Effects of demonetisation on Indian students abroad



The phenomenon of black money on which Modi earned brownie points during the 2014 elections, that gave him a big edge over the UPA government was dragged into hot debates once again after his shocking announcement of discontinuing of higher denomination currency. The declaration of scrapping Rs 500 and Rs 1000 notes has sucked the lifeblood out of India’s economy.

The move has been justified by the government saying that the rich and poor has been taken into consideration; it aims at benefitting the poor by penalising the fat-rich people of the country who have been dodging taxes by holding stockpiles of cash. He asked the middle-class section to support him ensuring that the money collected would put to good use; but what about the Indian students abroad, who depend entirely on the money transferred to them in Indian currency. Would the surprise move not affect their fee payments and daily expenses?

For recent students, who have joined foreign universities this year, the confusion and chaos is as much as it is back home. BBC research has found that students outside of India holding discontinued Rs 500 and Rs 1,000-notes (£6; £12) face difficulties using & exchanging them. Several Indians expatriates rushed to money exchange traders and banks to convert their currency, soon after it stopped being a legal tender. Their request was declined with officials saying that the option to exchange Indian currency was temporarily unavailable.

British banks and foreign exchange companies have denied accepting the notes, whereas the companies accepting the currency with discontinued notes, offered terribly low exchange price.

As advised by the Indian central bank, either the students had to plan a travel back and exchange the notes in person till 30th December, or old notes would have to be exchanged for limited supplies of new currency, not more than INR 5000 at once, at the airports- both of which were impractical. For them, getting to a bank or airport and queueing for hours will cost time they don’t have.

For Avtansh Garg, a student at Loughborough University, UK, it was a futile attempt. He had Rs 15000 in cash demonetised in Rs 500 and Rs 1000 notes. “I went to three banks and travel companies in total, and all of them refused to exchange money,” he said. Most of the students had to deposit the first instalment of their tuition and accommodation fee, which got delayed due to economic crisis in India. “We had to deposit the first instalment by 12th November and my parents couldn’t transfer the money. On a special request made at university’s finance office, explaining them the whole scenario, the university granted us an extension of few more days,” he added.

Non-Residential Indians have been guided by The Reserve Bank of India (RBI) saying that Indians could deposit the notes in their non-resident ordinary rupee accounts, a type of bank account where people living abroad park income earned in India. However, students are still looming in an oblivion state, as they have access to no such accounts. Vineet intends to send the old currency notes through his friend who is planning to visit India next month. “There is ruckus and confusion here. Nobody is willing to take old currency,” he said.

Aniket Karlekar, an MBA student, who has come to study in England one month back, talked about the difficulties he has faced while managing his monthly expenses, saying that, “The usual mode of transfer for petty expenses i.e. day to day expense that ranged from 200-250 pounds per month, were usually transferred as cash deposit by parents, but due to the demonetisation it has become nearly impossible to replicate this, making them real worried,” said Aniket, adding, “The cash transfers were of accounted money, and was the most convenient way for my elderly parents who are still accustomed to the age-old techniques. Hailing from a business family with a cash rich business, because of the governments overnight decision, it’s was like for other’s sin we have to pay and suffer abroad!”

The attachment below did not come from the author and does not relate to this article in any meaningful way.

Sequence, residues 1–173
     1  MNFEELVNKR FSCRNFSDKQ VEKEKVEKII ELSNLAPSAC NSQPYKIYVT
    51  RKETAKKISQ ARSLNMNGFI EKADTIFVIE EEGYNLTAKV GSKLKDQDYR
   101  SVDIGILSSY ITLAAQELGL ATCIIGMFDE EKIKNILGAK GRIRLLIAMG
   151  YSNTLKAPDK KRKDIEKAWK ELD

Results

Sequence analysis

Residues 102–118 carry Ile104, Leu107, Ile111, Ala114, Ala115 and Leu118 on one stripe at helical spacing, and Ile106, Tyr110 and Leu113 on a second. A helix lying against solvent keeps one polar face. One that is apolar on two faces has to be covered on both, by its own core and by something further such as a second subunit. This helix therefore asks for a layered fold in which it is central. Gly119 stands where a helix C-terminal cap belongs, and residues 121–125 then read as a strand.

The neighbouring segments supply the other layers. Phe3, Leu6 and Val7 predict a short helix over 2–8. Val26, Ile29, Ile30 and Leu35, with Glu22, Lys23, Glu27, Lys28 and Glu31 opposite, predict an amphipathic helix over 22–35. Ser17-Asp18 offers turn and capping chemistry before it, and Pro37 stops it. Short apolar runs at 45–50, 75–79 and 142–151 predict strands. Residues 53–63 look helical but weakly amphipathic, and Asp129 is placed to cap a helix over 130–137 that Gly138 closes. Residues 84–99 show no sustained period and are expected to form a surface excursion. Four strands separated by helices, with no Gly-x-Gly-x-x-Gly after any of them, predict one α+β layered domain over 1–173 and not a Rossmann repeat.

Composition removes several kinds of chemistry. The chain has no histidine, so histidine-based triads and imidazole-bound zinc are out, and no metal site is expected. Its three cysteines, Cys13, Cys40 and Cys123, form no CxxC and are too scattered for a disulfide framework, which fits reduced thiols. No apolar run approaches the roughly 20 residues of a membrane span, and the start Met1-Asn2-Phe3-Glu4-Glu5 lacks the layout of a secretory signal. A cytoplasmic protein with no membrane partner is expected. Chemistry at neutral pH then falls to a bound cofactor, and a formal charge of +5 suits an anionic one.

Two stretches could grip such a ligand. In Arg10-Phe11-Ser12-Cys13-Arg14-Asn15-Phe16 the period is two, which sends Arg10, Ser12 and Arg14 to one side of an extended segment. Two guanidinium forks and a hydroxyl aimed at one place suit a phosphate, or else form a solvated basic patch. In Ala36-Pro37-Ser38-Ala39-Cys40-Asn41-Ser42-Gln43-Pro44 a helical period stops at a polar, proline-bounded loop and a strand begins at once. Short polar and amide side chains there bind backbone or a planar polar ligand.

As it is a considerable fact that, all Indians, not just the rich, have been hoarders of cash, as that has been a need. Within a jiffy, that money turned into useless bundle; for some it appeared as a problem with the lack of money to be exchanged for the balance of amount that had been paid and the rest suffered while standing in long queues to get their savings exchanged.

Swati Sethi, who lives in Grantham, had to travel 39 km to Lincolnshire where the closest exchange office is located. “Travelling here is expensive and I have no option but to travel to exchange it. It is the money I have been saving for a long time now and I don’t want to devalue it.”

One thing that has missed a mention from the entire set of measures taken by the government is the proper & accurate guidelines for the students abroad. The move that came up surprisingly with the stroke of pen at midnight, have affected many minds with mental stress and tension.

“The government mentioned the measures they have taken to make sure people in India do not suffer for a longer span of time, but people who are not living in India have faced more issues in exchanging currency,” Swati added describing the problems she faced immediately after the declaration.

-By Aarzoo Snigdha


About Author

This is Beatrice's third year with LSU Media. In her first year she wrote for Label in both Features and News, her second year saw her take the position of Music Content Coordinator for LSU Media as well as Label Features Editor. Her third and final year with Label sees her take the position of Head of Online, Marketing and Distrubution where she hopes to maximise Label's presence on and off campus.

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